Marbled Milk Paper Towel Snowflakes
Have you seen the magic milk experiment? This Marbled Milk painting is a little like the magic milk experiment, and such a neat activity for the kids (I think I loved it just as much!) When the weather is cooler and the house is filled with paper snowflakes, a pop of color makes the winter season even brighter!
We've done a similar milk and soap science and art project in our published book. This is such a fun way to explore science and art! A true STEAM activity for kids!
Snowflakes dyed with Marbled Milk
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We first saw the Magic Milk experiment over at Coffee Cups and Crayons. Our process ended up being a bit different than theirs, so if you've never seen the full effects of the Magic Milk experiment, it's definitely something you will want to check out.
We omitted an ingredient in our dying process and skipped the "magic" I suppose...but this Marbled Milk dye is pretty magic in itself, I would say!
We started with a little milk poured onto a bread plate. You will also need liquid food coloring in a few colors.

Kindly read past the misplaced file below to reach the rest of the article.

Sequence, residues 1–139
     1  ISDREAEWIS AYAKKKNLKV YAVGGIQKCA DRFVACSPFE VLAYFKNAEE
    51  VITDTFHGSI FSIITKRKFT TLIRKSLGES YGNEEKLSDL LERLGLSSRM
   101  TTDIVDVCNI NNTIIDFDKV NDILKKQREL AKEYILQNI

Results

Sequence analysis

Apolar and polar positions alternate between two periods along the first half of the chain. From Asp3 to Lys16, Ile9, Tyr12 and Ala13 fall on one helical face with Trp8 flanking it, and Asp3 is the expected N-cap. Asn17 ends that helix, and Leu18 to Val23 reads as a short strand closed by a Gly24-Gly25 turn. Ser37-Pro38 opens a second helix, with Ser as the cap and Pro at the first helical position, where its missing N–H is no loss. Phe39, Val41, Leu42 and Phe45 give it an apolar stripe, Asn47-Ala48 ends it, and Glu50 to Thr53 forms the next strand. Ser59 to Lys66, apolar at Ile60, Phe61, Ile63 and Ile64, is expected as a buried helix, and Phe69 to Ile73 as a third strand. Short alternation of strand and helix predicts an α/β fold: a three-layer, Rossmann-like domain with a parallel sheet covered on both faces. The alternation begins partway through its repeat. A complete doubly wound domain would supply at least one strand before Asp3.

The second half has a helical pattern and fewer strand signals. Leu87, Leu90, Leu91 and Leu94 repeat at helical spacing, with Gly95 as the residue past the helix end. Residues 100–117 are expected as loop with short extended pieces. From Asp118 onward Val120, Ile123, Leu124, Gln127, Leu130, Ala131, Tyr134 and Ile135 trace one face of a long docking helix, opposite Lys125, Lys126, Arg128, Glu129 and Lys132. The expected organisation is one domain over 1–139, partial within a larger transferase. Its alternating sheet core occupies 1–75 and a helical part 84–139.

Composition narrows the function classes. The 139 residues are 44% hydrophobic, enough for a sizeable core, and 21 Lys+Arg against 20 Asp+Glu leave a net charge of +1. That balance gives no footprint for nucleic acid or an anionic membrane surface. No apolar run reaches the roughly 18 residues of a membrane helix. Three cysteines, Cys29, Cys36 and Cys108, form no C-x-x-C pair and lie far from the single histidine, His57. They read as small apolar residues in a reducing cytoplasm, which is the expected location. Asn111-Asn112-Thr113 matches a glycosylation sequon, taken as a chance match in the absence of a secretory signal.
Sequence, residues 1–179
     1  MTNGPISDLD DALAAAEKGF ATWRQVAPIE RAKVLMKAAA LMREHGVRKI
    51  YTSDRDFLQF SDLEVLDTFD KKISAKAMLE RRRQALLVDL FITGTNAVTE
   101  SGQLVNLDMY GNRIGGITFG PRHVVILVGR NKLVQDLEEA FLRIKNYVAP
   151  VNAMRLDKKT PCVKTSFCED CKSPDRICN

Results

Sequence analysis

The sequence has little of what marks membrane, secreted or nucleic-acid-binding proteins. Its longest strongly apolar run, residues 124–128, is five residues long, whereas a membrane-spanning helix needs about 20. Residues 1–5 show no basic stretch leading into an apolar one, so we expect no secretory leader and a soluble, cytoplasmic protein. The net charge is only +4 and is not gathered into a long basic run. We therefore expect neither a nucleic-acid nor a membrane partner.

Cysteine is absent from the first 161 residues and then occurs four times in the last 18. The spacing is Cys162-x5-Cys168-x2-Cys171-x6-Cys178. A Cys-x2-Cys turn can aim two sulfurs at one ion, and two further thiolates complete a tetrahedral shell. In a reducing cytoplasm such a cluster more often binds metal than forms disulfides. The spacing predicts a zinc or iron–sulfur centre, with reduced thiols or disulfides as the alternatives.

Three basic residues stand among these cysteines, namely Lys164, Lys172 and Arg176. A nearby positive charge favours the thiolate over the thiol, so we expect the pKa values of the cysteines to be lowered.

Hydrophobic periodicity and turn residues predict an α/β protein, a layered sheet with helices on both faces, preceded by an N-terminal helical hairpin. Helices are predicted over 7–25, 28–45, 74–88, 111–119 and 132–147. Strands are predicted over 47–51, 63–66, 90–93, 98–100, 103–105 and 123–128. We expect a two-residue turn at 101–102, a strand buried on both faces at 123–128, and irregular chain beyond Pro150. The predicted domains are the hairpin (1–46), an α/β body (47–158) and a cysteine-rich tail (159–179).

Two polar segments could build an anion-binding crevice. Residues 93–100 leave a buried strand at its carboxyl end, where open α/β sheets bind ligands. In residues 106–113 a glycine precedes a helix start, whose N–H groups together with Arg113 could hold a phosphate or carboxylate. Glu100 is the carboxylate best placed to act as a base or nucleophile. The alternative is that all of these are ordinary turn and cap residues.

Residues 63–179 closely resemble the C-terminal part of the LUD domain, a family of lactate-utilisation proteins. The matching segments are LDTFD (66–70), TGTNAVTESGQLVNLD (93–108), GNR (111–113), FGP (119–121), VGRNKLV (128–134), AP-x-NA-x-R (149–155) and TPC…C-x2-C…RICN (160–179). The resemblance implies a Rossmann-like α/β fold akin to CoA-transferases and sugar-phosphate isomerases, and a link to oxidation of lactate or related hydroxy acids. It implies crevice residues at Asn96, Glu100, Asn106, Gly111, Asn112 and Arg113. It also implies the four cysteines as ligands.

Drip the food coloring in different areas of the plate of milk.
Swirl the food coloring around with toothpicks. It was fun to see the swirling of the food coloring in the milk.
At this point, we pulled out a handful of snowflakes we had snipped from paper towels. Drape them into the milk and watch the colors creep across the paper towel.
It's amazing how fast the colors creep across the towel and how they become marbled all on their own. We were sure to keep the colors from being a brown mess in the milk and when we swirled the food coloring, were very gentle.
Drape the wet snowflakes across cooling racks with a dish towel below to catch any drips. Let them snowflakes completely dry. They will dry hard and a little crispy on the edges.
These marbled milk snowflakes decorated our window for a while (until a certain three year old pulled them down!) We'll be making these again for sure. Let us know if you do, too!
Looking for more creative painting activities? Try some of these: